Natural and non-natural amino-acid side-chain substitutions: affinity and diffraction studies of meditope-Fab complexes.Bzymek, K.P., Avery, K.A., Ma, Y., Horne, D.A., Williams, J.C.
(2016) Acta Crystallogr F Struct Biol Commun 72: 820-830
- PubMed: 27834791
- DOI: 10.1107/S2053230X16016149
- Structures With Same Primary Citation
- PubMed Abstract:
Herein, multiple crystal structures of meditope peptide derivatives incorporating natural and unnatural amino acids bound to the cetuximab Fab domain are presented. The affinity of each derivative was determined by surface plasmon resonance and corre ...
Herein, multiple crystal structures of meditope peptide derivatives incorporating natural and unnatural amino acids bound to the cetuximab Fab domain are presented. The affinity of each derivative was determined by surface plasmon resonance and correlated to the atomic structure. Overall, it was observed that the hydrophobic residues in the meditope peptide, Phe3, Leu5 and Leu10, could accommodate a number of moderate substitutions, but these invariably reduced the overall affinity and half-life of the interaction. In one case, the substitution of Phe3 by histidine led to a change in the rotamer conformation, in which the imidazole ring flipped to a solvent-exposed position. Based on this observation, Phe3 was substituted by diphenylalanine and it was found that the phenyl rings in this variant mimic the superposition of the Phe3 and His3 structures, producing a moderate increase, of 1.4-fold, in the half-life of the complex. In addition, it was observed that substitution of Leu5 by tyrosine and glutamate strongly reduced the affinity, whereas the substitution of Leu5 by diphenylalanine moderately reduced the half-life (by approximately fivefold). Finally, it was observed that substitution of Arg8 and Arg9 by citrulline dramatically reduced the overall affinity, presumably owing to lost electrostatic interactions. Taken together, these studies provide insight into the meditope-cetuximab interaction at the atomic level.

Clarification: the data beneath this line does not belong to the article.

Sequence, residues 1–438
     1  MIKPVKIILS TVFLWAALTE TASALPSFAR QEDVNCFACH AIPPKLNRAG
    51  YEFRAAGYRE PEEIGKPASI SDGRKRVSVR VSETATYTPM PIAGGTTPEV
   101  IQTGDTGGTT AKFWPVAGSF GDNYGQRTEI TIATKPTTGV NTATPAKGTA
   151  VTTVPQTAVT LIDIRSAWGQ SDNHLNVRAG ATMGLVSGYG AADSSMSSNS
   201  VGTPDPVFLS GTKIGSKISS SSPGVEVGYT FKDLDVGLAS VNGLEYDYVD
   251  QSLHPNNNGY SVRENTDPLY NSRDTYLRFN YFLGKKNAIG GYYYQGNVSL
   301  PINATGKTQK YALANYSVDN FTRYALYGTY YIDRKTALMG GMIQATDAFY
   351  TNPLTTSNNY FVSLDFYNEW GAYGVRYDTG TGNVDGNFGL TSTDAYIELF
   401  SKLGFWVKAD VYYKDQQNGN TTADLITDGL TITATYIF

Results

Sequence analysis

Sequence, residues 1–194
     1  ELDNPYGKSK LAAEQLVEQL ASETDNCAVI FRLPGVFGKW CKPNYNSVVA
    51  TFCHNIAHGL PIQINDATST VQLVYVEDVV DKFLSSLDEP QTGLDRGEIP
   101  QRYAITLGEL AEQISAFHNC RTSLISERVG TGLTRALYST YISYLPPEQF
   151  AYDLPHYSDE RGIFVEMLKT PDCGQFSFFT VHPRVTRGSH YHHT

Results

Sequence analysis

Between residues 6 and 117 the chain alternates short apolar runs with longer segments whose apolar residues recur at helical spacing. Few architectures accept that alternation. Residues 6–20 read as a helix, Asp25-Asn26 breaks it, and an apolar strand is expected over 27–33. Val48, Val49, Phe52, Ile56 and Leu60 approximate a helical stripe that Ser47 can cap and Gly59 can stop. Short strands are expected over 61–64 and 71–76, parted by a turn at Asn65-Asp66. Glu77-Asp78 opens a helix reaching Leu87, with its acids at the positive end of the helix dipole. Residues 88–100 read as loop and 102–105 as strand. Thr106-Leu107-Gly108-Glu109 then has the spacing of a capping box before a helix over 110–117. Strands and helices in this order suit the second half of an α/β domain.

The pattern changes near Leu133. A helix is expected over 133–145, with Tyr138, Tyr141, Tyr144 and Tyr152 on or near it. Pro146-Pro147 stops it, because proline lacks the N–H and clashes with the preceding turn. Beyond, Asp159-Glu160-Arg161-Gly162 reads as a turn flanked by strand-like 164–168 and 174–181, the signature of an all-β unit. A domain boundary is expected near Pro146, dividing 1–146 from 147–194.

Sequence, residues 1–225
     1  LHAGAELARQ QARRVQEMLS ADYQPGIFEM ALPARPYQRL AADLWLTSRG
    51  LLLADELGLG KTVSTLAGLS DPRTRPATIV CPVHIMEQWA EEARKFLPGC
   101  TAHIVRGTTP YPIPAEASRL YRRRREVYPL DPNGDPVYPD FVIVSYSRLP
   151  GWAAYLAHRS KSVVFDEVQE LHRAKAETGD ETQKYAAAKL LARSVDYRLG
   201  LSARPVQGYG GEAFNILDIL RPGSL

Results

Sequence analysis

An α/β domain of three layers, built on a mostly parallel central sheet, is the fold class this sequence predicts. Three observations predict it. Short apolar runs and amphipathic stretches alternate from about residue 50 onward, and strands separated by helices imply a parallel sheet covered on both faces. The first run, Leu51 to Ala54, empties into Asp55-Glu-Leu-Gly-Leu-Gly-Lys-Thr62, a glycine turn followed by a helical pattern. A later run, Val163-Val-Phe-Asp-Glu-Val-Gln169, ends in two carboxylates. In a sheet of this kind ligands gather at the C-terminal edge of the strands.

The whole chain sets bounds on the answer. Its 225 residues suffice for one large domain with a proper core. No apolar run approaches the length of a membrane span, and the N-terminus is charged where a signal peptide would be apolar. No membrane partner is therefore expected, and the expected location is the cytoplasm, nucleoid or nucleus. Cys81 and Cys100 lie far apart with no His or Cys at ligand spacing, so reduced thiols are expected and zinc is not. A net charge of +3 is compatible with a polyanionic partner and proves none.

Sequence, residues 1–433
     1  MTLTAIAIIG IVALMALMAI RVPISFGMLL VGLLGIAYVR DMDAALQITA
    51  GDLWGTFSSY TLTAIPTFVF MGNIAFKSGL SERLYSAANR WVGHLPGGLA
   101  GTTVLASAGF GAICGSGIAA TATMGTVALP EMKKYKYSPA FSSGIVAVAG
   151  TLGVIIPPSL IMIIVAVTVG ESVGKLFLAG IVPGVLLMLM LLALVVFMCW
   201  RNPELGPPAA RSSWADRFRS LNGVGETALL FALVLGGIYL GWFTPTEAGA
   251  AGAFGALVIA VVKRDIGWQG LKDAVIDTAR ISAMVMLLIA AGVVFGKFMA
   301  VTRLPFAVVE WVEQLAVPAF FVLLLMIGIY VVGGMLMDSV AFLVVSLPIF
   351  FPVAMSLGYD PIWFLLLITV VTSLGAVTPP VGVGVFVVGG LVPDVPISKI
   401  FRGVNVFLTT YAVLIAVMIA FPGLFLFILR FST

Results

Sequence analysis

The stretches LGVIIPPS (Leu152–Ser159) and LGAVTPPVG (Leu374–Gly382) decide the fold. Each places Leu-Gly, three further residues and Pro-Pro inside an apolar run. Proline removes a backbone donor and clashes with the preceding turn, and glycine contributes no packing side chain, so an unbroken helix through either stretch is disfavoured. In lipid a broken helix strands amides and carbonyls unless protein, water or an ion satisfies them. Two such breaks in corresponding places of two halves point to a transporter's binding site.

Department of Molecular Medicine, Beckman Research Institute of City of Hope, 1710 Flower Street, Duarte, CA 91010, USA.